Last month, BofA Merrill upgraded Alcoa (NYSE:AA) to Buy from Neutral and raised its price target to $11. Since the rating change on May 23, the stock has risen from $9.28 to $10.15 (9.4%), continuing its uptrend since the beginning of the year that has been fueled by a general rise in commodity prices. BofA believes AA's investments in firms with exposure to aerospace give it a path to growth that the market has not yet taken into account. While we believe AA's recent acquisitions will prove to be prudent in the long run, the firm will continue to struggle during the next couple of years. Alcoa is not a buy just yet.
Figure 1: YTD Price Performance
Alcoa has made it a priority in recent years to invest in downstream operations and grow exposure to end markets with attractive growth prospects. Management has focused on aerospace in particular, citing a record 9-year backlog for aerospace OEMs as evidence of a secular uptrend. In 2014, the firm acquired Firth Rixon, a leading manufacturer of jet engine components, and in 2015, AA purchased RTI International, a supplier of titanium and specialty metal products primarily used in aerospace and defense markets. We like the decision to shift the downstream portfolio to aerospace, as we believe rising emerging market incomes will support consistent demand for commercial aircraft over time. But in the short run, there are still too many headwinds in too many of AA's end markets that will weigh on performance.
Commodity prices have been rising for the wrong reasons. The recovery during 2016 has been the result of a weaker dollar rather than an improvement in supply and demand dynamics. In last year's annual report, management estimated that global consumption of primary aluminum would grow by 6%, driven by improved market conditions in aerospace, building and construction, packaging, and automotive markets. Executives forecasted growth in all geographic markets with the exception of Brazil and Russia, and expected particular strength in China. The company was also banking on industry-wide capacity cuts, and believed that a curtailment in Chinese production during 2016 would lead to a better pricing environment. But so far, management's forecast has proved to be inaccurate on both the supply and demand side.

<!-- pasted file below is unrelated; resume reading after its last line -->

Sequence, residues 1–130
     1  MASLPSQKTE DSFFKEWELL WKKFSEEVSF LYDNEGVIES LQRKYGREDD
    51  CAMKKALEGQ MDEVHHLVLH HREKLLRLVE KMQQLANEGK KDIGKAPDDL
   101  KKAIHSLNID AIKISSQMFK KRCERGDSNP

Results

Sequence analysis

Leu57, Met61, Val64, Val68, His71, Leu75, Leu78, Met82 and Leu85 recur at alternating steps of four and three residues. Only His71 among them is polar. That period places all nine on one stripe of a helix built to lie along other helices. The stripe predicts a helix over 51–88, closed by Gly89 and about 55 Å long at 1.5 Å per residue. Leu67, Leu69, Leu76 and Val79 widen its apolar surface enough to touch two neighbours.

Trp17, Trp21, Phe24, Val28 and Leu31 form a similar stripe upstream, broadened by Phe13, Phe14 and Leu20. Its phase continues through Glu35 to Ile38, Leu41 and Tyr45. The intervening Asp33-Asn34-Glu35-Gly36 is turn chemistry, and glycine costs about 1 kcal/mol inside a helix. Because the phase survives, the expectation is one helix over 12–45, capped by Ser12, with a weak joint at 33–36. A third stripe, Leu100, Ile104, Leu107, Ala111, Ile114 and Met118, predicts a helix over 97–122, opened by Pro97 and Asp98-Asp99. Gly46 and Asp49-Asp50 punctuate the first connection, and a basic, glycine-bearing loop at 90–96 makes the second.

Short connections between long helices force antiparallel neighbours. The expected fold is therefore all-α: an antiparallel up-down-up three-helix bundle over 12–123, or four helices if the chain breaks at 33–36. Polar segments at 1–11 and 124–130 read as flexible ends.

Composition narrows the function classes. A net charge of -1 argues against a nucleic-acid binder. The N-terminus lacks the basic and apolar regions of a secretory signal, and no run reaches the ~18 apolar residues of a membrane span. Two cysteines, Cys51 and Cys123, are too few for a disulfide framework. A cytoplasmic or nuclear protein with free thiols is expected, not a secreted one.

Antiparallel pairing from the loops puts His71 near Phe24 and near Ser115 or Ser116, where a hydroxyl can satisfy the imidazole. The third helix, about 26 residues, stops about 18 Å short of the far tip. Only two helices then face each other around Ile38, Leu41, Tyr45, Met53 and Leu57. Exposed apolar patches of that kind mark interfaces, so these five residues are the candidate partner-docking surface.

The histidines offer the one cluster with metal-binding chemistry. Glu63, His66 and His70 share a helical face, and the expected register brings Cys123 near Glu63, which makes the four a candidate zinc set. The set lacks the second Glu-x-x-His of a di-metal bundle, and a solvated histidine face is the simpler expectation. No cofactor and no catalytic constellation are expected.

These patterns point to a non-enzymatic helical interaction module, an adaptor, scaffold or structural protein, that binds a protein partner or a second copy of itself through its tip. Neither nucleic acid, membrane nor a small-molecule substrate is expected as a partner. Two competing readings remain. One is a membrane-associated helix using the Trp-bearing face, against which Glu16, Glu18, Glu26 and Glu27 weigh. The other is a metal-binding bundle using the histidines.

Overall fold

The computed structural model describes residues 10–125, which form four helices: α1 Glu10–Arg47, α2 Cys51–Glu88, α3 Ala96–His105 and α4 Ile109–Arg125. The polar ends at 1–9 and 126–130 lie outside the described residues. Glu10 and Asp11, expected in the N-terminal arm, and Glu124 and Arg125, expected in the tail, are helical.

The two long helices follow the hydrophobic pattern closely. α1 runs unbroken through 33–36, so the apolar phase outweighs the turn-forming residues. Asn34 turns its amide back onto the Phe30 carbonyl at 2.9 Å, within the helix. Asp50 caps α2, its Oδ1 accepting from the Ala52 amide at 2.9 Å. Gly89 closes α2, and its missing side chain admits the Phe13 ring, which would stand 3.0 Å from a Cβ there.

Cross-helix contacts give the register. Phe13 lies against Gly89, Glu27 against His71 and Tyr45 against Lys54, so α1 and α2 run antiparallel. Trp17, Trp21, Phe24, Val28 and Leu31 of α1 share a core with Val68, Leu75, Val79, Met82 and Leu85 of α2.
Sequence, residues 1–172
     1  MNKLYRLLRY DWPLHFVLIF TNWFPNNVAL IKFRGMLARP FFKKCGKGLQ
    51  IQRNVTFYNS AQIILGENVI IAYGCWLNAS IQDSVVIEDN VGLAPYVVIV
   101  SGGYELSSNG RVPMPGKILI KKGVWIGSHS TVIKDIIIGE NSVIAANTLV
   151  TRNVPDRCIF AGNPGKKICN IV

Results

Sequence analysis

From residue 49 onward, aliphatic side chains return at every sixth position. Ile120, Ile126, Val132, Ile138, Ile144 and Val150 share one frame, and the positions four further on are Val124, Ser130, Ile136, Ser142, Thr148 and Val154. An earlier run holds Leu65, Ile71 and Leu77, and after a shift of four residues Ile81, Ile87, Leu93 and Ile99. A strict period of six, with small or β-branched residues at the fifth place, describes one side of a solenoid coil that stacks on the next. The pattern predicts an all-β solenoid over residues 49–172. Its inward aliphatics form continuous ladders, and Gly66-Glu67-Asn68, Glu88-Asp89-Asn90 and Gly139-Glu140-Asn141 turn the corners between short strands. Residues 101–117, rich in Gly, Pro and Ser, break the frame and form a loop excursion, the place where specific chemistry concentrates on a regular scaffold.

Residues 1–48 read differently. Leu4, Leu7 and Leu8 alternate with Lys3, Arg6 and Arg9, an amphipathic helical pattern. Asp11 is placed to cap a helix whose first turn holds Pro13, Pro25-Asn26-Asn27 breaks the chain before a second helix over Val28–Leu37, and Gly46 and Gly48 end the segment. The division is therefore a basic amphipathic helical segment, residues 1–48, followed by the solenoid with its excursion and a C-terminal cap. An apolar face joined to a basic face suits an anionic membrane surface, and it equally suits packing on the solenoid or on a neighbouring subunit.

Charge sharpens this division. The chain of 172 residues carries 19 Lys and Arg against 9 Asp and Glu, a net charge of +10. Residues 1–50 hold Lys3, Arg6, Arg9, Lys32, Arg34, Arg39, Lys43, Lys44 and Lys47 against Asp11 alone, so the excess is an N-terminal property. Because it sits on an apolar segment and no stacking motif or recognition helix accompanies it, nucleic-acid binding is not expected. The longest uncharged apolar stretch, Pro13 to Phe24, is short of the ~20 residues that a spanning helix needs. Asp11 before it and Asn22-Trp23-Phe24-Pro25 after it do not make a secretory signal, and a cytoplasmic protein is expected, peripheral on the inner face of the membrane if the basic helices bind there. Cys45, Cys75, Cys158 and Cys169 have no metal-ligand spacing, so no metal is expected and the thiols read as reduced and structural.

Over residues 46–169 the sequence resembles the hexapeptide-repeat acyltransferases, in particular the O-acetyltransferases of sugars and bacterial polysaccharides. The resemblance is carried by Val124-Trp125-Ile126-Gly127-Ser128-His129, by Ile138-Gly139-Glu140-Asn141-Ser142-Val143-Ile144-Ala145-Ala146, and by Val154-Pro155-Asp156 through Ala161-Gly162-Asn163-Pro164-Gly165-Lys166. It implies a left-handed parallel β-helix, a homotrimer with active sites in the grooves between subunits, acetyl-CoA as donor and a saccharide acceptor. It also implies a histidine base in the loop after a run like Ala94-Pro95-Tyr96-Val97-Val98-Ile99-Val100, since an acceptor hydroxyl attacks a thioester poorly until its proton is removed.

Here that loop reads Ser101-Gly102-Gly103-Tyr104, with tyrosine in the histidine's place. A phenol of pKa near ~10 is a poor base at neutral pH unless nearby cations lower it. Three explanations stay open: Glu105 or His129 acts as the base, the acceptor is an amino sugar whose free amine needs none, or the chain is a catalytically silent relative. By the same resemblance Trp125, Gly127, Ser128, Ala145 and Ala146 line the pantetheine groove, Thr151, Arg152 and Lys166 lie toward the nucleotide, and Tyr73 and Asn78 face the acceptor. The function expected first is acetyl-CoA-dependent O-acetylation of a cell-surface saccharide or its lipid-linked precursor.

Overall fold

Sales in the first quarter declined 15% year over year. Part of the weakness is due to lower aluminum prices. Demand has not been as strong as forecasted back in December, nor global supply cuts as rapid. Management lowered its forecast for global consumption growth to 5% for 2016, revising growth in China down from 8% to 6.5%. And, while Alcoa has made major capacity cuts in its upstream operations over the past three years, subsidized producers in China continue to pump out volumes, despite global overcapacity. Chinese firms supply more than 50% of the world's metal, and their dumping practices were largely responsible for last year's 19% fall in aluminum prices. But prices in China have been rising, encouraging firms to ramp up production. Goldman Sachs (NYSE:GS) now worries that higher output will prolong the existing oversupply, and predicts that aluminum prices will fall to $1350 within the next twelve months.
China's dumping practices have sparked an investigation of the global aluminum trade on behalf of the US Trade Commission. It is possible that the commission will raise tariffs on imports from China to protect domestic producers. A favorable ruling would be a massive boost to Alcoa, but in our view, it is the only potential catalyst that could drive AA higher in the near term as aluminum fundamentals are still weak. We do not make investment decisions by attempting to guess regulatory outcomes. Growth will continue to be sluggish for the next few years, and long-term investors looking to get in before global demand recovers should wait for a pullback.
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